Once trained (see Behavioral methods), each animal was anesthetized intraperitoneally with a mixture of ketamine (50 mg/kg) and xylazine (6 mg/kg) and maintained on isoflourane (0.5–2.0%). The animal was given a local injection of 0.2 ml lidocaine subcutaneously to the scalp, and atropine (0.1 mg/kg ip). In addition, the animal was given three injections of monophosphate sodium succinate (30 mg/kg), one before the dura removal and two more spaced ∼30–45 min thereafter in a protocol adapted from (Behrmann et al. 1994). A total of 11–13 screw holes were drilled and small bone screws were inserted. One of these screws, usually positioned in the most anterior position over the left hemisphere, was used as a ground. Two holes were drilled in the bone covering the right hemisphere for the microdrive array, one at AV −3.6, L 2.2 for the electrodes targeting CA1 and the other at AV −7.8, L 4.8 for the electrodes targeting the EC. The microdrive array was then affixed to the skull with dental acrylic. In some cases the animal appeared dehydrated after surgery so between 5 and 10 ml of warm Ringer solution were injected subcutaneously.
The behavioral methods have been presented elsewhere (Frank et al. 2000). The animals were trained to run on a U-shaped track and on a W-shaped track (Fig.1) for a reward of powdered hot-chocolate mix mixed with water. On the U track, the animal performed a simple alternation task, whereas on the W track, the animal was placed on the center arm and then trained to run in an alternation task from center to left to center to right to center arms and so on.
Recording techniques and procedures
The recording apparatus consisted of three custom-made 25-channel preamplifier chips that were attached to connectors on the top of the microdrive array, a set of 11 eight-channel amplifiers (DataWave), a set of 12 synchronized 486–100 PCs running the AD software package (M. Wilson and L. Frank), and a tracking system (Tracker SA-W, Dragon, Boulder, CO). Signals from the four electrodes of a tetrode were amplified between 10,000 and 40,000 times and, for spike waveforms, filtered between either 300 Hz and 6 kHz (EC) or between 600 Hz and 6 kHz (CA1). The difference in low cutoff was used because some entorhinal spikes were quite wide and were thus excessively attenuated by the 600-Hz cutoff. The spike data were sampled at 31.25 kHz per channel. Whenever the signal from one electrode on a tetrode exceeded a threshold set by the experimenter, a 1.02-ms (32 point) window of data from each of the four electrodes was stored to disk. One channel from each of 16 tetrodes was chosen for electroencephalography (EEG). The signal from this channel was amplified 2,000 times, filtered between 1 Hz and 475 Hz, sampled at 1.5 kHz per channel, and stored to disk. Position tracking was done with the aid of two infrared diode arrays mounted on a boom attached to the preamplifier chips. The boom was positioned so that when the animal ran, the front diode array was located slightly in front of the animal's nose and the rear array was over the back of the animal's neck. The positions of the diodes were saved to disk at 30 Hz.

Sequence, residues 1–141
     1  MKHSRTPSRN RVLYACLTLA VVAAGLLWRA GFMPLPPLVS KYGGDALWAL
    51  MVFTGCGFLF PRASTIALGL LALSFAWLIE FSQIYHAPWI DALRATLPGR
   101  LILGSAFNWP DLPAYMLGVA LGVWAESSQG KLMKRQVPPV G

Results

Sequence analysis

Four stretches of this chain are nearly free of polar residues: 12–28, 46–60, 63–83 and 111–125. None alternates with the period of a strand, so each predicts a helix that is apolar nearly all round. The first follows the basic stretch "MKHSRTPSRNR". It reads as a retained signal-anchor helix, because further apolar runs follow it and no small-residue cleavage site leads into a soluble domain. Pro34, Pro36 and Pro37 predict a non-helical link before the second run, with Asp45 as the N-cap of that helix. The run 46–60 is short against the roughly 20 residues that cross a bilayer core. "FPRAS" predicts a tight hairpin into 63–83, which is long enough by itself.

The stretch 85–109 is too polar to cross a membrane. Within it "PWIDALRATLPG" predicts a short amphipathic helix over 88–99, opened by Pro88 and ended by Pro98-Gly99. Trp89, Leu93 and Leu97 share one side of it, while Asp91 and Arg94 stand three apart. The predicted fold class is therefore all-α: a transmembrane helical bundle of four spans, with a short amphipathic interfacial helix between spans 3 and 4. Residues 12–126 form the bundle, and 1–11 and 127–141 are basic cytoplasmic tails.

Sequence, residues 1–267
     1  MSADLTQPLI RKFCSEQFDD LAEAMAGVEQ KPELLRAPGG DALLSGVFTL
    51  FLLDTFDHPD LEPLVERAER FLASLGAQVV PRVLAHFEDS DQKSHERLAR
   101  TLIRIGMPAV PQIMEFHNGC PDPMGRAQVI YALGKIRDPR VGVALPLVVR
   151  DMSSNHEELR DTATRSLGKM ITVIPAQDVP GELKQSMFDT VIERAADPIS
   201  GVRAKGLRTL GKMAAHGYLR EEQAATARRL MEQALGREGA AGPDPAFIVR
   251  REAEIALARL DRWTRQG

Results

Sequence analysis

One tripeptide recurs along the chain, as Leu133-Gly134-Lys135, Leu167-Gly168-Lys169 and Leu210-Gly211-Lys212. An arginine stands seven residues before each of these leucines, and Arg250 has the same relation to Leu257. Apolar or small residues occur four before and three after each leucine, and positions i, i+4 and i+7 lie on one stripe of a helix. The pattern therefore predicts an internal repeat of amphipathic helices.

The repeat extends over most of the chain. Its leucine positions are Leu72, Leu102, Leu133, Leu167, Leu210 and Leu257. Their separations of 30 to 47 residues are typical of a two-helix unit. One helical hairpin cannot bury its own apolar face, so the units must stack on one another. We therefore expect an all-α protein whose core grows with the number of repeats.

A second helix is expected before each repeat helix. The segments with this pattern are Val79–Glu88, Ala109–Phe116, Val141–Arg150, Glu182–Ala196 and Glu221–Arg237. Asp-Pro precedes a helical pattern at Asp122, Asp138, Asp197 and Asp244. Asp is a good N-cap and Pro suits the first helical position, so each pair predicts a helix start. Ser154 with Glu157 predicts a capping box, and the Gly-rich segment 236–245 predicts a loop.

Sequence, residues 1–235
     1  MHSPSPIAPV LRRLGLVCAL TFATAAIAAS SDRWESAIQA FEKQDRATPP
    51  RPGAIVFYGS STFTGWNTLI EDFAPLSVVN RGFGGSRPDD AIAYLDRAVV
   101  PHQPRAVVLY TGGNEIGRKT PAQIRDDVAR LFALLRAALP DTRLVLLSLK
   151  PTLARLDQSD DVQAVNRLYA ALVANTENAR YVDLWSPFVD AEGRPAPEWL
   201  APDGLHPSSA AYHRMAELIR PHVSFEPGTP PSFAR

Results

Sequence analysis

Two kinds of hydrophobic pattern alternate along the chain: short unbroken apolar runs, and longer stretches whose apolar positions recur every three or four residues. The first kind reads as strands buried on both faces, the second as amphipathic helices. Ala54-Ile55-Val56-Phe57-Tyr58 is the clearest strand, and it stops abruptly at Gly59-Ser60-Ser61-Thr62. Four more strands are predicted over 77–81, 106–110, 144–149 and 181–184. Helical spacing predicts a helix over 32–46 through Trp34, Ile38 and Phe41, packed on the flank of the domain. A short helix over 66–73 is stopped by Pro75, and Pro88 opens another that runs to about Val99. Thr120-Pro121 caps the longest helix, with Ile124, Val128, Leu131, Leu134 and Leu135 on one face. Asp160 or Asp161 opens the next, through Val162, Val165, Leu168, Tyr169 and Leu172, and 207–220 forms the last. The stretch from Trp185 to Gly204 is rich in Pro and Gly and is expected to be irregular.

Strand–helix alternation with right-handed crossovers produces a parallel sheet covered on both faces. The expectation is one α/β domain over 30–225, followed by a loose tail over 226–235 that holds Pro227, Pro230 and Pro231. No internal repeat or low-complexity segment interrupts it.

After the surgery, the animal was brought to the recording room, and the tetrodes were slowly advanced into the brain over the next 5–7 days. Histological analysis later revealed that the EC reference electrode was in all cases either in the deep layers of the superficial cortex near the angular bundle or in the bundle itself. Once the EC electrodes were in or near the deep layers of the EC, recording sessions were begun. The animal was brought up from the animal facility and placed in the sleep box, and, if necessary, each of the tetrodes was adjusted by between 20 and 160 μm to maximize the number of cells visible. Whenever possible electrodes were adjusted only after the recording session to maximize recording stability. In the case of the hippocampal tetrodes, the movement was either up or down depending on the tetrode's location with respect to the cell layer. The entorhinal electrodes were always moved downward to help guarantee that the same cells were not recorded from twice. That meant that initial recordings were in the deep layers of the EC and later recordings were in progressively more superficial layers. After adjusting, the electrodes were allowed to settle for ∼2 h. The recording session was then begun and the behavioral protocol described in the preceding text was followed.
The histological methods have been presented elsewhere (Frank et al. 2000). Briefly, each EC tetrode was used to make between one and four lesions. To reconstruct the positions of each of the tetrodes, the relative locations, the number of lesions made, and the final depth of each tetrode was used to determine which electrode tracks corresponded to which tetrodes. The tetrode was then assigned a location for each day of recording. If a tetrode's location could not be determined with a high degree of confidence, data from that tetrode were not used.
After each recording session, the data were transferred to a Linux workstation for analysis. A custom software package (Xclust, M. Wilson) was used to cluster the spike waveforms from each tetrode into putative single neurons, hereafter termed single units. All other analyses were carried out using custom software written in the Matlab (MathWorks, Natick, MA) environment. For each tetrode in CA1, we examined the spatial firing properties of every cell from that tetrode, and, for each cell that was recorded from across multiple data sets, we included the data from only one of the data sets in our analyses. Only data from the run periods of the recording are examined here and only those units with at least one place field (see following text) and for which <5% of the interspike intervals were <3 ms were included in the analyses. We also eliminated all units with average amplitude of <70 μV.